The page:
While I see more and more illustrated postage meters, I am growing impatient to finally see on French mail illustrated cancellation instead of the anonym coded ones.

You see here how the association Action contre la faim is promoting its actions againt hunger on its mail: brand, internet adress, call for donation.

Sunday, March 16, 2008

The first stamps of George VI

Bought during my journey to London, at Vera Trinder, here is a short but richly illustrated book about the design of the six first stamps of the reign of King George VI.

In Great Britain King George VI Low Value Definitive Stamps, Peter Worsfold told the genesis of these stamps from Edward VIII's abdication till February 1937. A very short time, but creatively dense, a shortness that was justified by the crowing date maintained in May 1937. The illustration is aboundant and the letters were retrieved in the British postal archives. Many projects are reproduced in black and white.

I will summarize the whole with two main points. First, the ornament was wished by George VI to be less severe than the one of the Edward VIII stamps issued some weeks earlier. Artists competed even if the four floral emblems of the Countries of the United Kingdom were omnipresent.

Then, the problem was the portrait. Until Edmund Dulac intervened early February, essays were printed using a photograph by Bertram Park and the profil for coinage by Paget. Author Peter Worsfold and Dulac's biographer, Colin White, were enthusiastic about the Dulac head. White wrote that Dulac "gave the King the classical features of a young Greek hero!"

This 2001 book - a pleasure to read - is available at the publisher, the Great Britain Philatelic Society, whom will be quoted again about an other of my recent acquisitions.

Friday, March 14, 2008

Local elections in France

A 1997 pictorial cancellation from Auvergne's capitale, Clermont-Ferrand, and in the context of local elections in France. This Sunday 16 March 2008, electors are going for a second vote (in France, many elections took place in two rounds): elections of communal representants and of half the representatives to the departemental councils.

Translation of the text: "To register on the electoral lists, it is to participate to the life of the nation" and was commissionned by the Civil Information Center. In France, citizens must be registered before 31 December to participate to the next year elections. Those whose 18th birthday takes place between 1 January and the election day can register in this period.

Wednesday, March 12, 2008

And if postal competition went through the destinator...

Editor's opinion

This article by Dominique and this other by Claude Jamet about the postal competition for the expedition/delivery of parcels made me consider an idea that may frighten public postal operators and guarantee the quietness of my mind.

It seems to me that, until now, when the highest authorities decide to open postal service competition, there are the senders that benefit the most of this larger choice of operators: lower costs, guaranteed time of delivery, economic rates for sending lots of mail at once, adaptable service, etc.

Unless that... most of the time, it is the final client that pays this value added by the postal transportation. Understand: me. Me who click on Amazon to receive DVDs sent in not-discreet parcels or Me who send mails to philatelic associations to order one of their rare books. Me finally who has to carry the incoming time, not only long, but hazardous (from one to three weeks between the United States and France). Me who pays with my time, my temper and, sometimes, with more money, the non-arrival of a parcel. With a reminder of how impolite and condescending the answers from the telephonic operators are, I don't want to know how a postal clerck will answer a demand to know where is a non-followed parcel.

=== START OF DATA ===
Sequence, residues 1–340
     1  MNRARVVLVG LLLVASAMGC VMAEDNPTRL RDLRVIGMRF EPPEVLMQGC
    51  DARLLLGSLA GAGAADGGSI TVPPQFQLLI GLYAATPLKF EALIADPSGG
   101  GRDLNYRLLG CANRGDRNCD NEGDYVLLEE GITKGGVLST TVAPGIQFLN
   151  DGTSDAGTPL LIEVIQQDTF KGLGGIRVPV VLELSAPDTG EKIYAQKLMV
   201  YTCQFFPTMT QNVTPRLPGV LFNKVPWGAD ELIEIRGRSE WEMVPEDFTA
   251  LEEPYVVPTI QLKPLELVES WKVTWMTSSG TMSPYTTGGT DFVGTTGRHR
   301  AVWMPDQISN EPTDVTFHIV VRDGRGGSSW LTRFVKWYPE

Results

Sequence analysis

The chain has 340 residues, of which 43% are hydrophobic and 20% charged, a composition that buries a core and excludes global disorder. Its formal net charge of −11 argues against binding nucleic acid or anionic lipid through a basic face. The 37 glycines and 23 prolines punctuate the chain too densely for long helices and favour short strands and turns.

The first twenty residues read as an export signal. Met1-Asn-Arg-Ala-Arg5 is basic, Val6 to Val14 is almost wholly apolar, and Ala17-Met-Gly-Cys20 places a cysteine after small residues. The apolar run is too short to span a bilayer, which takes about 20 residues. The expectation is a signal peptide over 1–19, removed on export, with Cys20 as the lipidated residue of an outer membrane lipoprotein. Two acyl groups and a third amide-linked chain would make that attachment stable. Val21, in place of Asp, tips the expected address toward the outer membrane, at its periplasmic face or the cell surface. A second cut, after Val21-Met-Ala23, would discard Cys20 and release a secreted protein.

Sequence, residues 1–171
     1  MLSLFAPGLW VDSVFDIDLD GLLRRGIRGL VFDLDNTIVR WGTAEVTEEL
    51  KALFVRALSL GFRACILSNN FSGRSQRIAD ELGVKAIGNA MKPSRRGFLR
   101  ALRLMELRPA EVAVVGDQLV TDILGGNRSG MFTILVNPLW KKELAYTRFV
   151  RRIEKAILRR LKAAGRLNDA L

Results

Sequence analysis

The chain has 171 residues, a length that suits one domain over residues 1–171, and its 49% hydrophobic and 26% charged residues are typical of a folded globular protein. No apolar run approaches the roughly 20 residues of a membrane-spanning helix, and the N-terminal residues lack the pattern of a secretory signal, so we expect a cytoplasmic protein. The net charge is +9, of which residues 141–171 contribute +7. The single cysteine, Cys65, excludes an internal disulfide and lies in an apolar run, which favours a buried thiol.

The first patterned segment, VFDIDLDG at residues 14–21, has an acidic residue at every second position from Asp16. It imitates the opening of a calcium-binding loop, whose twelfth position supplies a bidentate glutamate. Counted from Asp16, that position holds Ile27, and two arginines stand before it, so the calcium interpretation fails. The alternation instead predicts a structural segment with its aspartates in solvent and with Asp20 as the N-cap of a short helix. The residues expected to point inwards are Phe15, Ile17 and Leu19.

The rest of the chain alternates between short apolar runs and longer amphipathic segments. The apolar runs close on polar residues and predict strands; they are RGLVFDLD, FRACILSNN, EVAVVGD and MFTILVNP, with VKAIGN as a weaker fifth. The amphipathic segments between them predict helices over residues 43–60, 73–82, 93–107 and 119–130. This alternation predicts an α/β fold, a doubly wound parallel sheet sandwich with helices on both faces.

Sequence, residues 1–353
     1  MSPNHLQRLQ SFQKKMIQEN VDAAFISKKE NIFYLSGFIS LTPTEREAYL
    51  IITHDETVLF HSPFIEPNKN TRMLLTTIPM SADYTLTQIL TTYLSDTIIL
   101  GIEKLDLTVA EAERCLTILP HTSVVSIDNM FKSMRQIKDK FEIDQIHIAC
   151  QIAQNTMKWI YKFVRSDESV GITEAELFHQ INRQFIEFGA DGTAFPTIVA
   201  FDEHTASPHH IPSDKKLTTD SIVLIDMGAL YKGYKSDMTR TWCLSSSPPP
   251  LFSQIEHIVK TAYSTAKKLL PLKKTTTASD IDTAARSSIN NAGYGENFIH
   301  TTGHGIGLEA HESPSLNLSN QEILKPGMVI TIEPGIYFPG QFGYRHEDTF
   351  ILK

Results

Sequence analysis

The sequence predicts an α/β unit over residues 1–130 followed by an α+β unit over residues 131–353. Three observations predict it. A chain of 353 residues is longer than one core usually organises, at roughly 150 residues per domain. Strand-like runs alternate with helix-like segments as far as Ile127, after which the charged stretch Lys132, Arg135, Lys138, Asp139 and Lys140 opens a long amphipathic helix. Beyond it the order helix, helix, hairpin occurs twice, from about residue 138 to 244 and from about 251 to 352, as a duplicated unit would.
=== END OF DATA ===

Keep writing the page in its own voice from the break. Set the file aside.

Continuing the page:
Nowadays, different sending services are proposed by order compagnies to avoid this kind of problems: quicker expedition (with a go-through the borders regulation = VTA added = the postal service will deliver in your hands to catch the adding money) or express service (1 to 2 day guarantee and a rate...).

And if, in some types of commercial website, the client could choose the postal operator (postal operation allience) that will transport and deliver the parcel? On the 500 gram to 10 kilogram parcel market, why is it not the client who desires the content of the parcel that can choose?

I imagine (idealist that I am) that postal operators - public and private - will ensure the destinators' confidence by multiples guarantees, competitives prices and even subscriptions for a certain numbers of delivery per year.

Waiting this utopian postal world, it is true for the last steps of the parcel that: until the public operators don't want to understand that, on day-time, we are working in order to pay for the things we want them to deliver... until then... I will wait... (known melody)

Monday, March 10, 2008

The French Chess Federation

Following a return to the chess game, I received this meter from the French Chess Federation's machine :

About the chess topical collection in French, you can visit thèméchecs, a website that goes beyond the postage stamps.

Sunday, March 09, 2008

Philatelic bookshops in London (2) : Vera Trinder

Near the Strand in London, you can find the Vera Trinder philatelic bookshop. Exiting Stanley Gibbons shop to go back to Trafalgar Square, look for Bedford Street on your right hand. At number 38, go down the stairs and here you are.

The hall with the cash machine stocked a large and international choice of stamp catalogues.

No stamp, only accessories to look at, manage and organize a collection. And to study it by knowledge. A title or a topic, and the seller invites me to wander around the bookshelfs to the perimeter my quest may be fulfilled. Since I have been reading philately, it was the first time that I found a place that is so near the help-yourself bookshop I dream of. Usually, either the choice is tiny, or the seller go to the stockroom alone.

The real help-yourself at Vera Trinder LtD. was at the Stampex show where the shop had a booth. Inside two boxes of more than 20 years old books, I found little ones that will be useful to me.

Have a good visit, this place is worth the try.

Update on Friday April 1st 2016:
The Vera Trinder bookshop in London was closed in 2014 and moved to Cornwall.